Every employee of Electric Fetus lives up to the Minneapolis myth: funny, sweet, understated and smart. We spend way too much time hanging with them after I sign CD’s and the kids are starving by the time we leave. So we walk out to find Thai soup with the help of a little red haired woman we meet on the street. She shames us into not complaining about the cold. I mean, we walk far — and I don’t think I’ve ever been that cold — but she has no hat or gloves or scarf and chatters happily the whole time. The kids watch her as if she were an alien.
Ran out of gas on the way to Omaha. Felt stupid.
The gas gauge couldn’t work in this extreme cold, so we didn’t realize we were running out of gas until it was too late. Billy and Ryder ran across snowy fields and hopped barbed wire fences to get to the public works garage while a tow truck driver drove the two little boys and me. He called neighbors on the way, asking them not to “shoot” Billy and Ryder.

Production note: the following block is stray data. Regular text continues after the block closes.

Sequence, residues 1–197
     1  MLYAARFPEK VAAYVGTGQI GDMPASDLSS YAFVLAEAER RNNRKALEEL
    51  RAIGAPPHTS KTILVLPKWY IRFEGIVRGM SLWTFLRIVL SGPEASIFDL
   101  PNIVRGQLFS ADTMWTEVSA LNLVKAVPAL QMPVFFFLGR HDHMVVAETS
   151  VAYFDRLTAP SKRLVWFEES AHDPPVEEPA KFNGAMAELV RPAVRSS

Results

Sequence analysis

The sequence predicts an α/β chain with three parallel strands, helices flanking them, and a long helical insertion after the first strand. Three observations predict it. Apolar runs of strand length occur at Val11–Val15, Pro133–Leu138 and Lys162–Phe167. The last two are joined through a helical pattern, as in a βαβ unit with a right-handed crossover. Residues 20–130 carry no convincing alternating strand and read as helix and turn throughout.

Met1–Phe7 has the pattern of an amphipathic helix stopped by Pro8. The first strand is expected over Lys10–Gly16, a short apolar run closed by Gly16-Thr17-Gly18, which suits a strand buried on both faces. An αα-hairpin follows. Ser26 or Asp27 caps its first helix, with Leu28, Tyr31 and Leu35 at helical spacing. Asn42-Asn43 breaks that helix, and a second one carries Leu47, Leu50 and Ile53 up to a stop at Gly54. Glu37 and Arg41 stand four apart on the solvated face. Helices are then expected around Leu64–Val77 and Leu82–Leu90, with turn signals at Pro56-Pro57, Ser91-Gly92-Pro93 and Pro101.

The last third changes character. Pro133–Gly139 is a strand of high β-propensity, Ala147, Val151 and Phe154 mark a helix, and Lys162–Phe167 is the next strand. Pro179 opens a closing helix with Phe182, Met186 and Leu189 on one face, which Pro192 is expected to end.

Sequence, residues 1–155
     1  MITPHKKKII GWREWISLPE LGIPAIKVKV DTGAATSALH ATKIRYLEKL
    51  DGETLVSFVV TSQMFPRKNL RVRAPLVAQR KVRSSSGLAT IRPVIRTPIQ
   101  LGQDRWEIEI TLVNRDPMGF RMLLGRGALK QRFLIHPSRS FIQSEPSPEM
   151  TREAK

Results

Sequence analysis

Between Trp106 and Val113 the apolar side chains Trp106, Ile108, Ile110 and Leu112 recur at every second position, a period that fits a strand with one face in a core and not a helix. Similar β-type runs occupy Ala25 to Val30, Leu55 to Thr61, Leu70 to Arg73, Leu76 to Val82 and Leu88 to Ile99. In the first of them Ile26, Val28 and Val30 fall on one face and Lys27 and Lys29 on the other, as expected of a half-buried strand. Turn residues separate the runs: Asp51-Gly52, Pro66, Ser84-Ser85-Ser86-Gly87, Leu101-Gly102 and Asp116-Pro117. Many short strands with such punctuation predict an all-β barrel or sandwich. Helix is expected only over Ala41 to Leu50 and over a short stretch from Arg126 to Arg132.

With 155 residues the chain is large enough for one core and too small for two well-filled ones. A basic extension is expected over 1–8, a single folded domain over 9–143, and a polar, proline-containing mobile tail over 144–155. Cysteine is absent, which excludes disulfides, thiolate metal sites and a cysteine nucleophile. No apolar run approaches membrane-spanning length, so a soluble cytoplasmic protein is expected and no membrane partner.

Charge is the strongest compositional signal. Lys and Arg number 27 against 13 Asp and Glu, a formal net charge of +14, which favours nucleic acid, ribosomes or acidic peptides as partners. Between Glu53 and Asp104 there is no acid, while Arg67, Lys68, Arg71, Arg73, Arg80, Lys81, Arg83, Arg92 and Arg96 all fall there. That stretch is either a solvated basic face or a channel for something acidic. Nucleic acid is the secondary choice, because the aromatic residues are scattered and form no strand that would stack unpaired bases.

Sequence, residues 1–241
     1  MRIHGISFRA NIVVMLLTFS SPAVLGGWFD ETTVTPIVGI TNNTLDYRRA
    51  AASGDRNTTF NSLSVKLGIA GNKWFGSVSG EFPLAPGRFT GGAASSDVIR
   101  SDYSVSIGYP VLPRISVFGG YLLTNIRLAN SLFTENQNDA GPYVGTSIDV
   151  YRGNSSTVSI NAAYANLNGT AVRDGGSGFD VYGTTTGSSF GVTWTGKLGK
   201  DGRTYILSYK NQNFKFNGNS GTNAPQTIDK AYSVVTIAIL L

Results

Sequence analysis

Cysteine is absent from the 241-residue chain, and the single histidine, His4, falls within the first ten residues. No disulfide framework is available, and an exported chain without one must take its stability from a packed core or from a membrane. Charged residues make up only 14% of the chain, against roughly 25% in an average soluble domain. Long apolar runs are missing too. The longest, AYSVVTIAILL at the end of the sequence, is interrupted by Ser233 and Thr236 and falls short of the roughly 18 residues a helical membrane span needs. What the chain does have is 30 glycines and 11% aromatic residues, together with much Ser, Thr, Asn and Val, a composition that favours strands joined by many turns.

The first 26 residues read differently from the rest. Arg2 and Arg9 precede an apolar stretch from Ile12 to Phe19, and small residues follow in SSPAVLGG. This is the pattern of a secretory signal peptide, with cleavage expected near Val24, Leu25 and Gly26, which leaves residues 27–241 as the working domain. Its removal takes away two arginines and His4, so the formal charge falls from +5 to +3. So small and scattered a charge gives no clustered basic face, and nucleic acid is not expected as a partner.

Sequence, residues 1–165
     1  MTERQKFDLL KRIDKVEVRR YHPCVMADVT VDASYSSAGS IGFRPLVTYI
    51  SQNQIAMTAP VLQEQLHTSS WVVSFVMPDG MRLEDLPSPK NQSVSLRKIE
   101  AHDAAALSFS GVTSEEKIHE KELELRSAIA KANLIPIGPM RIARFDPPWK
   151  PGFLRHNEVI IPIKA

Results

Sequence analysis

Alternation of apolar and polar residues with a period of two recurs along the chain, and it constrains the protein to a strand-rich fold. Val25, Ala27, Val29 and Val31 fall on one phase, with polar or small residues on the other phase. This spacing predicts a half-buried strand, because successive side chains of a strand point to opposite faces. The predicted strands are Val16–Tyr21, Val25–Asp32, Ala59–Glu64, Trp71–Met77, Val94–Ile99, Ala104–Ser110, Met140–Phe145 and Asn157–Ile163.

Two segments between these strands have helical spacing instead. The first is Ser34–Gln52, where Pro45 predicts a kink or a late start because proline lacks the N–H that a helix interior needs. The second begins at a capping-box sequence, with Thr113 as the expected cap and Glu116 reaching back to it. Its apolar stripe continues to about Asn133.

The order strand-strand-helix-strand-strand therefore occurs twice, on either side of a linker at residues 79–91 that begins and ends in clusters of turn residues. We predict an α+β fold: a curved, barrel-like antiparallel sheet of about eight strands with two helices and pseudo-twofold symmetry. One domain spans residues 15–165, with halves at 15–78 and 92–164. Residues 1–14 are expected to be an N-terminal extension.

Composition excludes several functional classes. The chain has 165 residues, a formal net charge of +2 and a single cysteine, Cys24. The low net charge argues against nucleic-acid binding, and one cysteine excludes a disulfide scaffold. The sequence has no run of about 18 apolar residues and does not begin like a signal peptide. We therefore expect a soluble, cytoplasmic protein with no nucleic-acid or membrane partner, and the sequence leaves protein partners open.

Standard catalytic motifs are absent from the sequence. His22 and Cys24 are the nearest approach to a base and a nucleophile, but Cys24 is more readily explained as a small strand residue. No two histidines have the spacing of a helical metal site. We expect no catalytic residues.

“Shoot?” I ask him when he hangs up.
He smiles, “No, I said don’t shoot.”
I thank him for this.
The good people at Homer’s in Omaha didn’t seem to mind that we were late. In fact, they had read about the lack of beer on this promo tour and had little kegs brought in for me. Now that’s hospitality.
They even had lemonade and drawing supplies for the kids and a little private hang-out area where the boys could drink the lemonade and draw pictures during my set. Afterwards, they offer us our choice of CD’s, something no stores do anymore (times are tough). We thank them for their generosity and don’t take anything, as times are tough and we know it.
On the way to Denver, Billy spends food money on a lottery ticket.
“Seriously?” I ask, “’cause that’s pretty much the definition of poor people.”
“Yeah, well, so are we,” he answers.
“Maybe not for long, though, huh? Did you play the right numbers this time?”
We then spend the afternoon at Costco — Billy changes the car battery (by himself! No swearing!) while the kids and I picnic in the sunshine of the employee smokers’ area. We eat as much as we can of the Giant Food we bought and then drive (with our new battery!) over to Twist and Shout, one of the best independent record stores in the country.
We get a little lost, of course, but it’s not cold out anymore and about a million (I didn’t actually count) people are waiting for me to play when we get there. That plus some excellent salt water fish tanks and bellies full of Costco keep everyone happy until it’s time to go.
Things are looking up…
Posted in: words on March 21, 2007